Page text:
One of my favorites of Jackie's earlier movies
Yoshitsune | Planet Earth | 07/08/2001
(4 out of 5 stars)
""Half a Loaf of Kung Fu" is probably one of my favorites out of Jackie Chan's earlier movies. There are several funny fight scenes, and the actual Kung Fu is pretty decent. The movie is not at all serious as it is poking fun at movies in the genre that came out around the same time. I would definitely recommend this movie to any fan of Jackie Chan."
ORIGINAL VERSION IS ALWAYS BETTER~!!!
Tradeand5 | Planet Z | 02/05/2006
(2 out of 5 stars)
"If you want UNCUT ORIGINAL version, ALWAYS look for ORIGINAL LICENSED Production. NOT US Release. Its a foreign film, it should not be US version to begin with~! HELLO!!!?? Why settle for LESS with US Version where they edit and cut so many excellent scenes especially with Jackie's Fighting Scenes. And US Release ruins the speed and sound as well. I have been collecting Jackie Chan's movies both HK and US Release Version for quite some time now. I found HK Version to be MUCH MORE in enjoyable, and HIGHER in Quality. American Market always like to "Americanize" and "Control". Regional Code Regulation thing is one of the example to CONTROL the Market. Why not let everyone enjoy the same HK Original Release move the same way ENTIRE WORLD enjoys it ?? No one makes Hollywood American movies to "French version" or "Chinese Version" ~! This what Americans are doing~! Well, enjoy the cheap "American version" then~! LOL"
If I'm lying I'm a son of a ...
Shawn McKenna | Modesto, CA USA | 11/09/2006
(4 out of 5 stars)
"Frustrated by the weak box office returns of New Fist of Fury and Shaolin Wooden Men, Lo Wei gave Jackie Chan creative control over the slapstick comedy Half a Loaf of Kung Fu. With Chan's friend Chen Chi-hwa as director (Snake and Crane Arts of Shaolin), Jackie wanted to make a film that was the antithesis of the current martial art dramas that were being shown. Jackie called this movie a "ninety-minute-long practical joke," but Lo failed to find the humor and decided to vault this film and created his own comedy for Jackie the insipid Spiritual Kung Fu. Half a Loaf of Kung Fu would remain unwatched until 1980.
One of the most interesting segments of the film is the beginning which parodies the normal use (at that time) of the main actors showcasing their martial-art ability. He spoofs the Zatochi series, he tries to catch arrows but fails and there is a great scene that has him using a fighting dummy for practice only the have the camera pan away to reveal a mini dummy. Unfortunately, the rest of the film is not as inventive as the starting sequence, though there are many good scenes. The problem is that the plot is not that different from many other films that Lo Wei has done.
Jackie plays Gon Tou, a wandering hungry man in search of a job. He eventually gets a housekeeper position for Mr. Man who houses the witch Lady Mui. He spies on her while she was doing a poison experiment, inadvertently gets his new friend San killed and narrowly flees. After his escape he came across a fight between Se Tai Chung and Lao Yung Lung - the man with the whip. This battle resulted in the death of both and Gon assumed the identity of Master Lao to collect the bounty on Chung. Now Gon is mistaken for a man with fighting skills even though his combatant acumen is very small. He gets beat up quite a bit.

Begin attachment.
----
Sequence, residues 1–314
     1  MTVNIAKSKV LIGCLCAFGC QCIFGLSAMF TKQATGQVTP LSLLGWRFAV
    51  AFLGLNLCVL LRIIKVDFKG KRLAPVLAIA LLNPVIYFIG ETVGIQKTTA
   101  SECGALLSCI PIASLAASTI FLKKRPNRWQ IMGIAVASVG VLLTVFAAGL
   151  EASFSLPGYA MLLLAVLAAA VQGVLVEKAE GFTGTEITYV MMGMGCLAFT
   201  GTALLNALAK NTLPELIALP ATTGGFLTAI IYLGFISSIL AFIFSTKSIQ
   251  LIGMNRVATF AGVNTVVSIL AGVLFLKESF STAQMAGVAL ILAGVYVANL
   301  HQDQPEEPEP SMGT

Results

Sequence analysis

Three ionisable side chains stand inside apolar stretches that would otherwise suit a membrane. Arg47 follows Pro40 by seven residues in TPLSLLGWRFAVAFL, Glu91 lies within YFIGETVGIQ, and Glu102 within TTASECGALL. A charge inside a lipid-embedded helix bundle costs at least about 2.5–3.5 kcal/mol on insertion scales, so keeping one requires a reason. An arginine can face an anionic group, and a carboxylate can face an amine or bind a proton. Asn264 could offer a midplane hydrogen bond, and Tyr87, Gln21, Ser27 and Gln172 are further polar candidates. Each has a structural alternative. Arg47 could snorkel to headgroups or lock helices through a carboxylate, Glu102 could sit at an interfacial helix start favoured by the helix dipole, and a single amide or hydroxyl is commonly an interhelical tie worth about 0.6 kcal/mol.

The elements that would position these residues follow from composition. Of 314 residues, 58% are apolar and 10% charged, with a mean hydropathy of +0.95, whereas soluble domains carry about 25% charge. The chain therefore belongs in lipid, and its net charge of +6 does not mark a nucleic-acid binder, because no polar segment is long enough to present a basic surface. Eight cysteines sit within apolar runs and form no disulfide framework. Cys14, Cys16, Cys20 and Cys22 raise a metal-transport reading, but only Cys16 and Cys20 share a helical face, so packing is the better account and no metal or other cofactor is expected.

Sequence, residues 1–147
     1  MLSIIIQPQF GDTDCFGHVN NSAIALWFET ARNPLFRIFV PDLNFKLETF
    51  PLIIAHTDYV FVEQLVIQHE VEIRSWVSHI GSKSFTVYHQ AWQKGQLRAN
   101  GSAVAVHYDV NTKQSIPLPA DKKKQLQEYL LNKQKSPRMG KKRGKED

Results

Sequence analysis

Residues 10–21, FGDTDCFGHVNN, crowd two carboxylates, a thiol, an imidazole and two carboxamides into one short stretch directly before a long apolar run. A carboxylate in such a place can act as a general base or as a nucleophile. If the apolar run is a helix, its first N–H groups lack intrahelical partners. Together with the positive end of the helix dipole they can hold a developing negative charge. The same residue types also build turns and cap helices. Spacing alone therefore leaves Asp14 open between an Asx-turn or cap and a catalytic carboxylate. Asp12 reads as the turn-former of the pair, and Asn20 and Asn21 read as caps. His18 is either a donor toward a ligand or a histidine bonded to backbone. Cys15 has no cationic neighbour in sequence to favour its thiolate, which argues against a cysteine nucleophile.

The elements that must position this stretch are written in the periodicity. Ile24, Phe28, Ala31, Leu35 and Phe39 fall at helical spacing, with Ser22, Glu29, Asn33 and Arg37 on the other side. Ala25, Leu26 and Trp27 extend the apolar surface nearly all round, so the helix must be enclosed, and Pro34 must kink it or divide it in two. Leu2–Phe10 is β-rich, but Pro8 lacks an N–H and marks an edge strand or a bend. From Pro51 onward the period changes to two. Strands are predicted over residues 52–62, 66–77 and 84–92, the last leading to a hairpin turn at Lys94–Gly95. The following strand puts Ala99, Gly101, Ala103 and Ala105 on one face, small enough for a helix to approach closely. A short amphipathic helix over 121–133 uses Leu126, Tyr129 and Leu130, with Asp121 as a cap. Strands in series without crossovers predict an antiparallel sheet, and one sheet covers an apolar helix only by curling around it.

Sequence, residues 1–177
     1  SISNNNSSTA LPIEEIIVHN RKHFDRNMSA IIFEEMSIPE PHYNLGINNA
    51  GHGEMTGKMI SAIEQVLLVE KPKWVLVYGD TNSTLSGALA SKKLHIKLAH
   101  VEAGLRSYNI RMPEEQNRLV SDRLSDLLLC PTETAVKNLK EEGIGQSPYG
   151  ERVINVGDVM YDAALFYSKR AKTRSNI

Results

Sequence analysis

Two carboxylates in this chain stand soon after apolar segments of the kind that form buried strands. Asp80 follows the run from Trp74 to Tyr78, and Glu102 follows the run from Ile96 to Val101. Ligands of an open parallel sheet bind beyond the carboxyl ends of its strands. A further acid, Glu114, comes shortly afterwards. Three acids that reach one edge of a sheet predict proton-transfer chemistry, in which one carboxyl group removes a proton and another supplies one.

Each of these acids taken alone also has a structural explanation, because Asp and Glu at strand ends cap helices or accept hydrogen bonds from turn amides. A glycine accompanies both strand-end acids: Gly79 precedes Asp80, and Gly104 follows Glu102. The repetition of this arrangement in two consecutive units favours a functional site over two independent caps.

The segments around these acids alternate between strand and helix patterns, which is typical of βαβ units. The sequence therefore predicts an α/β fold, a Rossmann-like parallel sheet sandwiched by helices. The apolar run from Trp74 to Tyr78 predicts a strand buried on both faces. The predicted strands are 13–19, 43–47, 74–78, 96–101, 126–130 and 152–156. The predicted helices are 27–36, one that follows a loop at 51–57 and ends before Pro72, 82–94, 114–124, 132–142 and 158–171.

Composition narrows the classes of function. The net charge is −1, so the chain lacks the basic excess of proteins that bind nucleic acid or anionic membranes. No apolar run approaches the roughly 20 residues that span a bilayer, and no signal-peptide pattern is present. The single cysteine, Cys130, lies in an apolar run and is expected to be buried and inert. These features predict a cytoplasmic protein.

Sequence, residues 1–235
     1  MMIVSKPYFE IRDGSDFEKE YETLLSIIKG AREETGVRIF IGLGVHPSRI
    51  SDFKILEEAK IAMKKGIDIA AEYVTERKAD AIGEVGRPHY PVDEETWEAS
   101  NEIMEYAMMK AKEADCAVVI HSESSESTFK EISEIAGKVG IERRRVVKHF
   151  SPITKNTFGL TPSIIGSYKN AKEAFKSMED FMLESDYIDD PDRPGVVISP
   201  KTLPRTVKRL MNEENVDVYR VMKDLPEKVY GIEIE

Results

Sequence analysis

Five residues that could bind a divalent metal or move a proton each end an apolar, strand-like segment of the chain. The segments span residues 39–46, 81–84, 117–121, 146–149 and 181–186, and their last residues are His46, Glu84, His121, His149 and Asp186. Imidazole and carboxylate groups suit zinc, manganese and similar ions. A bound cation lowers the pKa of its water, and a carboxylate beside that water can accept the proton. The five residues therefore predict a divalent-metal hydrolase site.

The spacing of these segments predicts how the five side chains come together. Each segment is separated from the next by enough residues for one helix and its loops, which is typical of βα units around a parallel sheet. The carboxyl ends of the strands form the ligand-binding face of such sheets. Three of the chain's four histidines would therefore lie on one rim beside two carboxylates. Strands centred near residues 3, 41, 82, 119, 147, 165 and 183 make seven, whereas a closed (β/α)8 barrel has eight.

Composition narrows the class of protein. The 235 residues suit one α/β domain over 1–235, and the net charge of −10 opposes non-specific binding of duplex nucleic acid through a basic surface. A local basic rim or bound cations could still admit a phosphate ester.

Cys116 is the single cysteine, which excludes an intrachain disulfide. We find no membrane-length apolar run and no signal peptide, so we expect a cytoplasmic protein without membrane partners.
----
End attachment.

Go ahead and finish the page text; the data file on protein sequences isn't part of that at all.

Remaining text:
He stumbles across a flatulent beggar (Dean Shek) who teaches Jackie such moves as "Lady Draws Arrow" and the ever impressive "One Finger Stops Mountain" (guess which finger.) Dean is funny in this Cantonese comedic role. Gon is then helped by another beggar (Lee Man Tai) who prevents Lady Mui from killing him. At first the beggar does not want to help Gon anymore, but he acquiesces and will help him if he takes something to Fong Wan. He later meets him at Fung Yu's Stone House with his daughter (Doris Lung) and friend (James Tien.) Together they are protecting the "Thousand Year Jake", which cures any poison, and "Potion of new Life" which is the fountain of youth. Since these are so powerful and priceless many criminals such as Lady Mui, Iron Hand Lui and The Man of a Thousand Faces (Kam Kong) want these. Gon helps Fong while learning more and more Kung Fu.
The plot is a bit chaotic and it ultimately fails as a spoof because so many martial art films have had plots much more ridiculous then this movie. But, it is an important film in Jackie's career because it is a turn from the grim-faced stoic hero that Lo wanted him to be. It is also a funny film with many inventive, though sometimes broad, scenes such as a dream sequence with Jackie becoming Popeye or Jackie reading a manual while fighting. It is also hilarious when Jackie knows that the flatulent beggar is approaching before we even see him. There is also a great reference to Bruce Lee when Jackie uses a wig as nunchucks while making Bruce-like sounds.
The fighting of the film is much more traditional, with the exception of the nunchuck wig, than Jackie's later films. But there are some good shots, especially the ten-minute ending fight scene. There is also a nice teaming of Dean and Jackie towards the end that was fun to watch. Overall, I like the film. It was better than the early Jackie Chan movies, though not as good as his later films. If you are a Jackie Chan film and have not seen it, then there is a good chance you will like it -- as long as you like flatulent beggars and goofy plots.